England, was shown a journal kept by Montconis, concerning the
transactions of the Royal Society, in which several new devices,
"which scarce can be believed unless seen," were described.
Amongst these were an instrument for showing alterations in the
weather, whether from heat, cold, wind, or rain; a method for
blowing up ships; a process for purifying salt water, so that it
could be drunk; and an instrument by which those ignorant of
drawing could sketch and design any object. He also states Dr.
Wallis had taught one born deaf and dumb to read.

In 1663, "the right honourable (and deservedly to be praised and
admired) Edward Somerset, Marquis of Worcester," published a
quaint volume entitled "A Century of the Names and Scantlings of
such Inventions as at present I can call to mind to have tried
and perfected, which (my former notes being lost) I have, at the
instance of a powerful friend, endeavoured to set down in such a
way as may sufficiently instruct me to put any of them in
practice." Amongst these are enumerated false decks, such as in
a moment should kill and take prisoners as many as should board
the ship, without blowing her up, and in a quarter of an hour's
time should recover their former shape without discovering the
secret; a portable fortification, able to contain five hundred
men, which in the space of six hours might be set up, and made
cannon-proof; a dexterous tinder-box which served as a pistol,
and was yet capable of lighting a fire or candle at any hour of
the night without giving its possessor the trouble of stretching
his hand from bed; a lock, the ways of opening which might be
varied ten millions of times, but which on a stranger touching it
would cause an alarm that could not be stopped, and would
register what moneys had been taken from its keeping; a boat
which would work against wind and tide; with various other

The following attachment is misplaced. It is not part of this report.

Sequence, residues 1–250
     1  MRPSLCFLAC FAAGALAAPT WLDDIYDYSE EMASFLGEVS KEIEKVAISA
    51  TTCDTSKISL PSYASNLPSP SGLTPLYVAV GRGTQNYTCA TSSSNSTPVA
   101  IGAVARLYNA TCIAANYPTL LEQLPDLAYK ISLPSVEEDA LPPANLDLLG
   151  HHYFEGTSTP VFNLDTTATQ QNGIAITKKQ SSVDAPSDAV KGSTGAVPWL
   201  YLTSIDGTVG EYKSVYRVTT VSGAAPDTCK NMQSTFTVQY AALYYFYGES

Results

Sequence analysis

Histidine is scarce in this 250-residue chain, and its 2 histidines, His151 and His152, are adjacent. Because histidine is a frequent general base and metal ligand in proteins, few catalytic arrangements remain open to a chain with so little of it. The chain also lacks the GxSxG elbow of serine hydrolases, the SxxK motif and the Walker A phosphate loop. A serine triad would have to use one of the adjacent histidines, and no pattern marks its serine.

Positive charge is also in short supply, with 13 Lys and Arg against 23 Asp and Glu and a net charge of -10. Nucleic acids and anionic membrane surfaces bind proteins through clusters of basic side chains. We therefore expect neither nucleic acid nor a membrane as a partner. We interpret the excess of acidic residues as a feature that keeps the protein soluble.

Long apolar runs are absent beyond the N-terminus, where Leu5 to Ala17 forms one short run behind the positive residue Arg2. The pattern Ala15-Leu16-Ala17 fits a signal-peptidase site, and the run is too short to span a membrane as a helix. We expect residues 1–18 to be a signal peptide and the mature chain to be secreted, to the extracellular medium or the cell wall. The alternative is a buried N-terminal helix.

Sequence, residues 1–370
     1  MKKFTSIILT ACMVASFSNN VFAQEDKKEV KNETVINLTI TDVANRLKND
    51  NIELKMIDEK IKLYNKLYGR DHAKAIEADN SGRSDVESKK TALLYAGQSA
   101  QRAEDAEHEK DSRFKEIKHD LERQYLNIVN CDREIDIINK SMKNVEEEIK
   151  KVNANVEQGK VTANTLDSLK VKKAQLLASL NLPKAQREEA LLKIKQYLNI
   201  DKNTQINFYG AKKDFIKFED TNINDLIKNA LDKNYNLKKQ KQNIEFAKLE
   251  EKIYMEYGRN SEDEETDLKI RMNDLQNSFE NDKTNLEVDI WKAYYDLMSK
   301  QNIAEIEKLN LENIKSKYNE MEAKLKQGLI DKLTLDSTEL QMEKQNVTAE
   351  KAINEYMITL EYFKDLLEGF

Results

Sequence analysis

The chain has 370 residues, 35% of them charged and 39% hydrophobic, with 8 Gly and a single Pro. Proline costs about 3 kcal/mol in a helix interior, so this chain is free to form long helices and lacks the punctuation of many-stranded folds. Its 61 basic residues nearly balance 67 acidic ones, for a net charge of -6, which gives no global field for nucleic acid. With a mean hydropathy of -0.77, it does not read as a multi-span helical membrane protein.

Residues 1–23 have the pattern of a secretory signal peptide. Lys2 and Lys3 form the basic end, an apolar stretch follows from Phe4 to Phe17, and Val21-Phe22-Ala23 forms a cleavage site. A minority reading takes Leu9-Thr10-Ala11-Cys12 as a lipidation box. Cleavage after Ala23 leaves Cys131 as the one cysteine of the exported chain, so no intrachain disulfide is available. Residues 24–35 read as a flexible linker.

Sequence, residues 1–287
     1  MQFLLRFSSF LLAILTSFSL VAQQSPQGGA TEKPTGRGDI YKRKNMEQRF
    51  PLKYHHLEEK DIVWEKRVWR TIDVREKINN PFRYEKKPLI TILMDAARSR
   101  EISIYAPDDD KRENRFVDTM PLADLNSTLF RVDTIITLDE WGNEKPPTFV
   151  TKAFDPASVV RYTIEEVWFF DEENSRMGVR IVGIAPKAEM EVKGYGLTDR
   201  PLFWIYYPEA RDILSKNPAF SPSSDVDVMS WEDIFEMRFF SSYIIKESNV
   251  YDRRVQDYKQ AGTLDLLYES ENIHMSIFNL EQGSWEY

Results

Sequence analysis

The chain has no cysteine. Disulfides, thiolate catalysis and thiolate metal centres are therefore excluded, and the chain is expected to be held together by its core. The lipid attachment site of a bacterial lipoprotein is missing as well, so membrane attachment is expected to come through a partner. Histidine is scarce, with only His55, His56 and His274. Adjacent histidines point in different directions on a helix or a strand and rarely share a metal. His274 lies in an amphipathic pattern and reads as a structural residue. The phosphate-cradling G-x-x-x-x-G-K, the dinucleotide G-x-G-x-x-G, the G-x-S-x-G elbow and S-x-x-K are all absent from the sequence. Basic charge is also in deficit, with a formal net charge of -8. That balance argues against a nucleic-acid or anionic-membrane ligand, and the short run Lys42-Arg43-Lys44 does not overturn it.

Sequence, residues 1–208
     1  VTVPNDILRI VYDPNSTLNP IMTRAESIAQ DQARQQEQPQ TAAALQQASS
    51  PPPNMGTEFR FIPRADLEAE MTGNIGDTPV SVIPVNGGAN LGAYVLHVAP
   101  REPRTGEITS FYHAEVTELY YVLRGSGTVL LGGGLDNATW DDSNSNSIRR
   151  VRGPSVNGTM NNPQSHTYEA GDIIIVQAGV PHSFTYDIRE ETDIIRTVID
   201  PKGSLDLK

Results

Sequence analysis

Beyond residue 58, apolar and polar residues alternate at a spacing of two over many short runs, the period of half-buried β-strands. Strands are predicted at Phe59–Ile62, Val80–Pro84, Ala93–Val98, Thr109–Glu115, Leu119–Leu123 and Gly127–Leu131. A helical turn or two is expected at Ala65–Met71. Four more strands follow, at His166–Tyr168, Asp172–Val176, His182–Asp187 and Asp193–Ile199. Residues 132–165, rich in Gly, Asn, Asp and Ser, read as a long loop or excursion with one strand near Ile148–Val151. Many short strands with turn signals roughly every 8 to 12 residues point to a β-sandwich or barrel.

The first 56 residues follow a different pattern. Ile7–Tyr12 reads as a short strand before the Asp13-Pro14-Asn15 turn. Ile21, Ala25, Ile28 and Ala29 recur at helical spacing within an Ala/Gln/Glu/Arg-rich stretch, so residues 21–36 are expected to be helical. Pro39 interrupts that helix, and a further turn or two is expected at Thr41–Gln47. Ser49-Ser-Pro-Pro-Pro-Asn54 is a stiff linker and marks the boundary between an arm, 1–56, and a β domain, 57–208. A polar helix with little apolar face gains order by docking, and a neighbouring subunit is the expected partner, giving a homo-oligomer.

discoveries to the number of one hundred, all arrived at from
mathematical studies.

The means of propelling a boat against such disadvantages, to
which the Marquis of Worcester alludes, was in all probability by
steam-power. This he described as "an admirable and most
forcible way to drive up water by fire," the secret of which he
is believed to have first discovered. [Before the century was
concluded, Captain Savery contrived a steam-engine which was
certainly the first put to practical uses. It has been stated
that he owed the knowledge of this invention to hints conveyed in
Lord Worcester's little volume.] In the preface to his little
book, the marquis states he had sacrificed from six to seven
hundred thousand pounds in bringing his various inventions to
perfection; after which it is satisfactory to find he derived
some profit from one of them, conceived, as he says, "by heavenly
inspiration." This was a water-engine for drying marsh-lands and
mines, requiring neither pump, suckers, barrels, bellows, nor
external nor additional help, save that afforded from its own
operations. This engine Sorbiere describes as one of the most
curious things he had a mind to see, and says one man by the help
of this machine raised four large buckets full of water in an
instant forty feet high, through a pipe eight inches long. An
act of parliament was passed enabling the marquis to reap the
benefit and profit from this invention, subject to a tenth part
which was reserved for the king and his heirs.

The Royal Society soon became one of the foremost objects of
interest in the city. Foreigners of distinction were conducted
to its rooms that they might behold the visible signs of
knowledge it could proudly boast; and women of culture were
admitted to hear the lectures its members delivered.

Amongst these latter may be mentioned the eccentric Duchess of
Newcastle; a lady who dressed her footmen in velvet coats,
habited herself in antique gowns, wrote volumes of plays and
poetry, desired the reputation of learning, and indulged in
circumstances of pomp and state. Having expressed her desire to
be present at one of the meetings of the Royal Society, the
council prepared to receive her, not, it must be admitted,
without some fear her extravagance would expose them to the
ridicule of the town, and place them fit the mercy of ballad-